, attached to 2003-02-21

Review by Anonymous

(Published in the second edition of The Phish Companion...)

I didn't know it was going to be like that. Six and a half years since I first saw the band, and two and a half years since my hiatus began, Phish was back in my life. I headed to Cincinnati, excited about my first show since the band had ended its self-imposed exile. I knew it was gonna be good. I presumed it would be great. But I didn't realize the power and ferocity with which the four of them would destroy me and everyone else packed into a hot and smoky US Bank Arena on a chilly Friday night in Cincinnati.
A few minutes before eight, the lights dropped and the crowd roared with intensity as the fab four emerged from the tunnel behind the stage. The opening notes of "Wilson" resonated twice before the crowd's screams shifted into the familiar "Wilson!" chant, and the show was off. The band was rocking and Trey's crunchy and in your face guitar led the way through a quick run-through of the tune, as a wide smile spread on my face and my feet started moving. Practically on the last note of "Wilson", Trey tore into "Frankenstein" without missing a beat and it was evident we were in for a full-on rock fest.
After the close of that tune, the familiar white noise that precedes "Down With Disease" began to fill the arena as the crowd, which never stopped moving for a second the whole night, bristled with anticipation. They were not let down as Mike stepped up and thundered forth the opening bass lick with reckless abandon. This led into the night's first exploratory moment as the band tore off on a pulsating funky jam that would continue for about fifteen minutes of high paced action before Trey brought the band back in with the song's trademark lick.
After the jam which preceded it, "Lifeboy", not played since 1998, was the perfect breather song, as the band took a moment to cool their jets after the rocket-like opening to the show. The overlapping melodies provided by the guitar, bass and piano filtered out over the arena as the band played this one with subtle beauty. I was thinking that Trey was right when he said that there is something amazing about a slow song in a big room.
Things weren't cooled off for long when Mike stepped up and began popping out a funkified lick and Fishman dropped in to kick off "Boogie On Reggae Woman". Trey seemed a little unsure of the lyrics, but there was little to worry about because the band was kicking. Page and Mike took turns at funk breakdowns while Trey and Fishman started and stopped the groove. The whole time, Kuroda's light's shown down on the crowded floor screaming in ecstasy at each turn.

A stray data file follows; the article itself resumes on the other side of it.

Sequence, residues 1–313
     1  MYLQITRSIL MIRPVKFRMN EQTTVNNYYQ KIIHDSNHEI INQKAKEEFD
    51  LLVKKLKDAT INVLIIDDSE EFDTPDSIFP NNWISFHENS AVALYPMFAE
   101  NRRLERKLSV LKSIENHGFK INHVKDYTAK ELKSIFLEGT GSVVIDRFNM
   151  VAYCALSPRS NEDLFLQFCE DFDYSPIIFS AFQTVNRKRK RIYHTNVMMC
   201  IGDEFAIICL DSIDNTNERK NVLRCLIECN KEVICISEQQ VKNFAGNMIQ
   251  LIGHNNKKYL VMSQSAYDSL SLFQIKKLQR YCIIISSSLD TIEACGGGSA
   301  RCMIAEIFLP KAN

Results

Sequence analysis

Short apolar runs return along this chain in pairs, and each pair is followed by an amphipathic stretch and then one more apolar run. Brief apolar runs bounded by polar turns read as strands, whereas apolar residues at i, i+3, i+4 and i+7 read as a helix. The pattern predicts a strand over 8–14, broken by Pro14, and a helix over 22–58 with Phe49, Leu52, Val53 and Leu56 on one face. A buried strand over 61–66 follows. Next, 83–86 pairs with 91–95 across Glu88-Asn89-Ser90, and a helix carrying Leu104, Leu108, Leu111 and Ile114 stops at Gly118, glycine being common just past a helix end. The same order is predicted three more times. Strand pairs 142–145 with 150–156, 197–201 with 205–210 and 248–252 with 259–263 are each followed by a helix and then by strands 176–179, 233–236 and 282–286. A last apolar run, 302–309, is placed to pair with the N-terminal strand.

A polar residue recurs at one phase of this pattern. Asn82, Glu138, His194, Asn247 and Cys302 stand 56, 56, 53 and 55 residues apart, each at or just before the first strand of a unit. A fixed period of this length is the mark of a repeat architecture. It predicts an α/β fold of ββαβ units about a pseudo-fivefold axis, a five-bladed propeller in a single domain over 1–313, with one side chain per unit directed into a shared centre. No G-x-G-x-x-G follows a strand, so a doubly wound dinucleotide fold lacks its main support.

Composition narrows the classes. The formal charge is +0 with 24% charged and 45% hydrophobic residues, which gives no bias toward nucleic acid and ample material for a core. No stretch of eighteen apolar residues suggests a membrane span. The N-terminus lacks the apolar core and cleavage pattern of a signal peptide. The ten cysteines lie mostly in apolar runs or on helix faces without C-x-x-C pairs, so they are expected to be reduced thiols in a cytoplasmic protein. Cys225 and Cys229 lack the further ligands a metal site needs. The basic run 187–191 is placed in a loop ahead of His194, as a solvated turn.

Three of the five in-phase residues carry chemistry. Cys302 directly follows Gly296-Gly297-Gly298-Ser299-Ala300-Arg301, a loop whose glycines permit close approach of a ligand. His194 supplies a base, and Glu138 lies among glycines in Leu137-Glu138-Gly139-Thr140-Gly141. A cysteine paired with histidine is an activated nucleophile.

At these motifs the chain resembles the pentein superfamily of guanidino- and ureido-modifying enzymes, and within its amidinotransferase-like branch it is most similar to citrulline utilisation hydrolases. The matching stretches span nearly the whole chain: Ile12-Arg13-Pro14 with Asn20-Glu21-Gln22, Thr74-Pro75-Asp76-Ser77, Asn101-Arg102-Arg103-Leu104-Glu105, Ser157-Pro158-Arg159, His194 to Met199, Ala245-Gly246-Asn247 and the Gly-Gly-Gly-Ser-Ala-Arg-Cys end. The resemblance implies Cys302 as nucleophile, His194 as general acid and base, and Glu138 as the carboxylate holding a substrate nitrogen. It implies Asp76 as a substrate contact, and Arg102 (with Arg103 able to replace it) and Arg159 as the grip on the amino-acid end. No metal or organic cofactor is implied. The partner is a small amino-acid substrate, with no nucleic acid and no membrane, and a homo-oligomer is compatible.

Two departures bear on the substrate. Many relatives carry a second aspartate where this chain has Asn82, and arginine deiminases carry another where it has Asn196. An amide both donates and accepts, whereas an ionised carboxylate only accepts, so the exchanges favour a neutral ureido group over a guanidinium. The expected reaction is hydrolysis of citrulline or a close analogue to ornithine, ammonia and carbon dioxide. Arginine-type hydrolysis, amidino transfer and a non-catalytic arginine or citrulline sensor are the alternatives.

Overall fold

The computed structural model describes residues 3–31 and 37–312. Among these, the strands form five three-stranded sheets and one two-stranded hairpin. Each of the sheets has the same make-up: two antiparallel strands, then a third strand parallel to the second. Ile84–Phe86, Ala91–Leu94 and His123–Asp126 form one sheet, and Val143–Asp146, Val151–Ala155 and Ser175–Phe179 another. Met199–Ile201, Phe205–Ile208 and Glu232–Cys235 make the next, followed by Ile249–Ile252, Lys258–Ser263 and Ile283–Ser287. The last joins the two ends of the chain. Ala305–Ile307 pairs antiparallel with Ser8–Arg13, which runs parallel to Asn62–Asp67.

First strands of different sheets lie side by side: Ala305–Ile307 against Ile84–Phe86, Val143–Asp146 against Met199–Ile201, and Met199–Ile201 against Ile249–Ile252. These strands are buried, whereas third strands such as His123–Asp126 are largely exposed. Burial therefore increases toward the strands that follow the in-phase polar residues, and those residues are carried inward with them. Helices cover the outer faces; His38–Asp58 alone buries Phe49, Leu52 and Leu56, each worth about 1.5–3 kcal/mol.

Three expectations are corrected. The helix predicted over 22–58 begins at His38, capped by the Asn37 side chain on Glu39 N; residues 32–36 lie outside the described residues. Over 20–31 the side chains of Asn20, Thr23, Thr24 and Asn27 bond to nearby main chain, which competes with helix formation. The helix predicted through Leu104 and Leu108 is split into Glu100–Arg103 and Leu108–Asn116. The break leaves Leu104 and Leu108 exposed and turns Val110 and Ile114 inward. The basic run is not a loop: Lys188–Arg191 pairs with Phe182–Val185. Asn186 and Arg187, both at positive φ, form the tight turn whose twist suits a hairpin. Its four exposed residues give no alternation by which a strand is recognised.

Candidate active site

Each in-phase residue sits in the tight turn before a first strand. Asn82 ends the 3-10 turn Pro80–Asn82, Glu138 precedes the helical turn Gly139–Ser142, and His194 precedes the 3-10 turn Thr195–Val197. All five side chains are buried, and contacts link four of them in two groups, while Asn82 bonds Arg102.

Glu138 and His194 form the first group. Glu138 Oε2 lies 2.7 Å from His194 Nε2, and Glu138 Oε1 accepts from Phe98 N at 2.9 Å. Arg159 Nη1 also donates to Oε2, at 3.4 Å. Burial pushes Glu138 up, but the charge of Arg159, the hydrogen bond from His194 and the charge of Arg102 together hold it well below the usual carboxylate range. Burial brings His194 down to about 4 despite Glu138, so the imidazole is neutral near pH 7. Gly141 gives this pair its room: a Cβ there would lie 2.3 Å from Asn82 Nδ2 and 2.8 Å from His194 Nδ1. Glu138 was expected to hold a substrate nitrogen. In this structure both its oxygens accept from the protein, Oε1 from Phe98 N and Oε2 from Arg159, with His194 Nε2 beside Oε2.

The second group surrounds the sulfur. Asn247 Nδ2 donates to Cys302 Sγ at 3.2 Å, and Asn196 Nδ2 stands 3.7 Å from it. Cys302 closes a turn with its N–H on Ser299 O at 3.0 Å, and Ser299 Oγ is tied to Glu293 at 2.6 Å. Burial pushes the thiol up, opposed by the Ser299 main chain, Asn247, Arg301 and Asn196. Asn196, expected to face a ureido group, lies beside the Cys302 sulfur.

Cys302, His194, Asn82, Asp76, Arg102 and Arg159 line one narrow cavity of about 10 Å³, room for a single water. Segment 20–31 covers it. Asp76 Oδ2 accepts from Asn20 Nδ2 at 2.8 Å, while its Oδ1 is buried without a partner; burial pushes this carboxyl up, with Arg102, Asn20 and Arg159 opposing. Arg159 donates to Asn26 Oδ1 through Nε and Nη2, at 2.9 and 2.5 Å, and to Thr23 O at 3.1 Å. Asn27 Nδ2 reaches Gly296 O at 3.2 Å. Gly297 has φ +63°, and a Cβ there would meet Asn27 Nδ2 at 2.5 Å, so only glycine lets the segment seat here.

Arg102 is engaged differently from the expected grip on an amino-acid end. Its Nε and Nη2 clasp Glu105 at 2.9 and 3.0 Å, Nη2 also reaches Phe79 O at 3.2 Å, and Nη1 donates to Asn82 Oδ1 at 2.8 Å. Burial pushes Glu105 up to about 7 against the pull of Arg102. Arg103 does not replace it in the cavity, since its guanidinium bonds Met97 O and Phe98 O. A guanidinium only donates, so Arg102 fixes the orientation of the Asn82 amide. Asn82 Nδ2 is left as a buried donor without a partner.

As the outro to "Boogie On" petered out, Trey began chording out the familiar intro to "Run Like An Antelope". The crowd began to pick up and roar in approval as Fishman joined in on the woodblocks and Page bounced pleasantly along on the piano. Then after the tension had been built and the table had been set, it was all knocked down by one crashing guitar chord and Kuroda's spiraling light show. The band kicked it into the high gear and those in attendance were on a wild ride. The pace of the jam was that of a runaway train hurdling downhill with its brakes out, and just when you thought they would drop into the familiar stops again, they kept pushing forward. Finally the pace slowed and Mike thumped out his bouncy line. Trey held out "Marco" extra long before dropping into the song's closing portion, with the crowd prancing to and fro, echoing the band's repetition of the song's final line. As Trey hit the last note and Fishman rode the cymbals, the crowd screamed its approval.
I figured that the band would have nothing left in store for us, as they put down their instruments and began to head off stage, until they motioned for their a cappella microphone and Page, Mike and Trey huddled on the corner of the stage. Henrietta, straight to Cincinnati via Outer Mongolia strode behind his riser in search of vacuum as the rest of the band started up "I Didn't Know". Their barbershop styling were a little rusty, but no one in the house cared as Fishman offered us a spirited vacuum solo as the remaining three members of the band pranced around him waving their fingers and arms, even kneeling at his feet as he let loose with some lively electrolux sounds. With that, the band bowed and took their setbreak, one the exhausted but energetic audience needed as well.